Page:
The IoT network deployment of Helium has begun its course across the US. The firm trades IoT hotspots worth $495, set up for chores such as pet tracking, metering for smart water, etc. It already claims 1,201 hotspots deployed throughout the US till now.
There have been Helium hotspots set up in over 425 cities in the US with the biggest helium node concentration in the San Francisco area, with hotspots located from New York to Hawaii. Helium was co-founded by the Napster developer, Shawn Fanning, and is now anticipated to bring in funding worth $51 million backed by Google Ventures, FirstMark and Khosla Ventures.
The official website of Helium refers to the hotspot as “a hardware device that uses LongFi to connect low power, IoT devices to the internet over miles of range. The Hotspot sends and receives small amounts of data to compatible devices over sub-GHz radio waves and is not a Wi-Fi replacement.”
Some prominent features of the Hotspot according to the website include:
- Mining with the radio that provides wireless coverage. Hotspots receive a new helium cryptocurrency.
- Ability to create a wireless range using radio waves through several square miles.
- Hotspots are also energy efficient utilizing the same quantity of power that a LED light bulb (5W) uses
- Ability to scale. A single Hotspot can help hundreds of connected devices
The Hotspot features a LongFi Wireless Protocol, which is an open protocol suitable for long battery life and ranges up to miles in IoT devices. The Hotspots also earns Helium currency during the connection of devices and validation of the peer-delivered wireless coverage. The system is known as Proof-of-Coverage, and lets users earn more Helium while they are close to other Hotspots. The range is entirely based on the setup or environment for areas for about 10 miles. The denser areas have up to one-mile range.
The helium hotspot buyers can operate the P2P network in order to track or monitor devices operating on helium like the InvisiLeash dog tracker as well as a pollution monitor powered by solar energy, SPCPM.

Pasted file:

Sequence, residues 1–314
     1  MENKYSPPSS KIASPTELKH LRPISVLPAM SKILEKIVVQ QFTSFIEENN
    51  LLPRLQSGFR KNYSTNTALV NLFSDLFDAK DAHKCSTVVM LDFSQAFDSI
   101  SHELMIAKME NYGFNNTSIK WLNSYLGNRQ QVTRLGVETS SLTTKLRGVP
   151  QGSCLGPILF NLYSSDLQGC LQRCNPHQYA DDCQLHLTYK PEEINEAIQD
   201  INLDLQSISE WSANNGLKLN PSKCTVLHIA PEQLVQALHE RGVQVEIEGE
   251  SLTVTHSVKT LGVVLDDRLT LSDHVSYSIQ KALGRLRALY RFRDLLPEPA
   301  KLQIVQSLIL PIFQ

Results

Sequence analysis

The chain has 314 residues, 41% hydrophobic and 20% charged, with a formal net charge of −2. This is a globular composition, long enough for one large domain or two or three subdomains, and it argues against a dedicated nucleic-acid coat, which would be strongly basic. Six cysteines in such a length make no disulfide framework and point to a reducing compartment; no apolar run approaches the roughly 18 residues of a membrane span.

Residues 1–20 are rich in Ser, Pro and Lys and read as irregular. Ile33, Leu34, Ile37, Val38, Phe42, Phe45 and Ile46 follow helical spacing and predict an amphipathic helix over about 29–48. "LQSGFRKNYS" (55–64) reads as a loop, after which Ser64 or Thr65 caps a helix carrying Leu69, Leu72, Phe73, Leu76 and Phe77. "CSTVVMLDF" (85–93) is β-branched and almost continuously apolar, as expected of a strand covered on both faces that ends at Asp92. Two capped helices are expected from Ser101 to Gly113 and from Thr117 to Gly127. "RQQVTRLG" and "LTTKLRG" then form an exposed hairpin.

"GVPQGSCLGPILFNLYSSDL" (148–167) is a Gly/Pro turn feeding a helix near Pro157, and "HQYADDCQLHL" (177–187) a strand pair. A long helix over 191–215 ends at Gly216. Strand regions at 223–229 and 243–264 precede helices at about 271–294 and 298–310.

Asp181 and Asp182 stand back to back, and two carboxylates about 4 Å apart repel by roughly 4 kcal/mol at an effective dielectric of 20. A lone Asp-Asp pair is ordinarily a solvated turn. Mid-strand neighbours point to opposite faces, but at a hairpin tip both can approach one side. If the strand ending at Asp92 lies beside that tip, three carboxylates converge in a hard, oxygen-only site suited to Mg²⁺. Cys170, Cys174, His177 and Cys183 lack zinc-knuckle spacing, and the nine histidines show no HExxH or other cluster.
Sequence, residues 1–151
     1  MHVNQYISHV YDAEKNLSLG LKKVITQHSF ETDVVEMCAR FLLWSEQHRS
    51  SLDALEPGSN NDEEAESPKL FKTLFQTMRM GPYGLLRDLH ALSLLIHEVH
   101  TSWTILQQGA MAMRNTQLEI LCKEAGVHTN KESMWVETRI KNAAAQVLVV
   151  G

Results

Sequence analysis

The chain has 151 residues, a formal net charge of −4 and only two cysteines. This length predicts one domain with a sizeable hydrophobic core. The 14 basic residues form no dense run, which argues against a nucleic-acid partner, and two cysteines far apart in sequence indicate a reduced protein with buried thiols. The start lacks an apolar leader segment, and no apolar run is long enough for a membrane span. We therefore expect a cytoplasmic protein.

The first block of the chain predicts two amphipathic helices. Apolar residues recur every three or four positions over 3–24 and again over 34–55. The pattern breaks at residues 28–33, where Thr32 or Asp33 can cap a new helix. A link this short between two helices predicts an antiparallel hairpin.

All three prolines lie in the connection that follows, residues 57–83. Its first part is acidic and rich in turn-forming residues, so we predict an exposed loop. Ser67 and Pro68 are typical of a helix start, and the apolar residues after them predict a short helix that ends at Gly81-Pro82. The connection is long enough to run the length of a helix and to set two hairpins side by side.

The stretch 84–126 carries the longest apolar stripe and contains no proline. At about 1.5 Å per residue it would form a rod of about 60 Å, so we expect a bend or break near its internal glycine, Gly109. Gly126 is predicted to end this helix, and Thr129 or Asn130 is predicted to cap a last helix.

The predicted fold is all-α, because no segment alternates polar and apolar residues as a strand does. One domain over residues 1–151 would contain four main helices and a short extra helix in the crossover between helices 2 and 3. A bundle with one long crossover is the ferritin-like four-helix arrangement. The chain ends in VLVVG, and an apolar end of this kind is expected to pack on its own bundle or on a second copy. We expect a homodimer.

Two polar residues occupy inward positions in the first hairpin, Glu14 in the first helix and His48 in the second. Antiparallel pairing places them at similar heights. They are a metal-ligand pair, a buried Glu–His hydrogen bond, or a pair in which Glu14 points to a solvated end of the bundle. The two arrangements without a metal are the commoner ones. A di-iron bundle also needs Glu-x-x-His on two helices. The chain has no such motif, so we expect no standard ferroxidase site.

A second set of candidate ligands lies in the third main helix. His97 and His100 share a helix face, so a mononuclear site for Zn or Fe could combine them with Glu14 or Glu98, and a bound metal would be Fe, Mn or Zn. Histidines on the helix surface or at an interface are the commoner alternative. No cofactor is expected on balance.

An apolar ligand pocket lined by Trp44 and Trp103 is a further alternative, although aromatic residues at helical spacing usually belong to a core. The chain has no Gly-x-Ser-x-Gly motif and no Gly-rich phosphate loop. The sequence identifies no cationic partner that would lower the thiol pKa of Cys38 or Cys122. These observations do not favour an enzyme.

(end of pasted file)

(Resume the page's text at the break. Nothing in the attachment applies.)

The initial devices aren’t commercial, typically, except for the dog tracker. These are the devices that people can make on their own. In order to commercialize the technology, the company has rolled out an SDK or a software development kit. It is also integrating with Microsoft cloud, Google cloud, Blynk’s development portal for IoT, etc.
To offer users the building blocks for an IoT network operating nationwide without mediators like telcos, the firm called itself The People’s Network.
The next big American land grab is IoT network ownership to connect small devices like pet trackers and water-quality sensors beyond the reach of WiFi,
said Helium in an announcement. The firm also claims the requirement of hotspots 50-100 in number for the entire city coverage.
Earlier endeavors were made to get connectivity without US telecom providers, but they required deploying mesh WiFi networks covering blocks and small portions of cities. Beginning in the 2000s, typical freenet providers demonstrated how to broaden the free WiFi network range of 802.11b network with the help of a Pringles can. This notion expanded amongst giants like Cisco actively participating in the phenomenon. Although the mesh movement for WiFi has been wiped out, there is still an aura of optimism in tech innovation.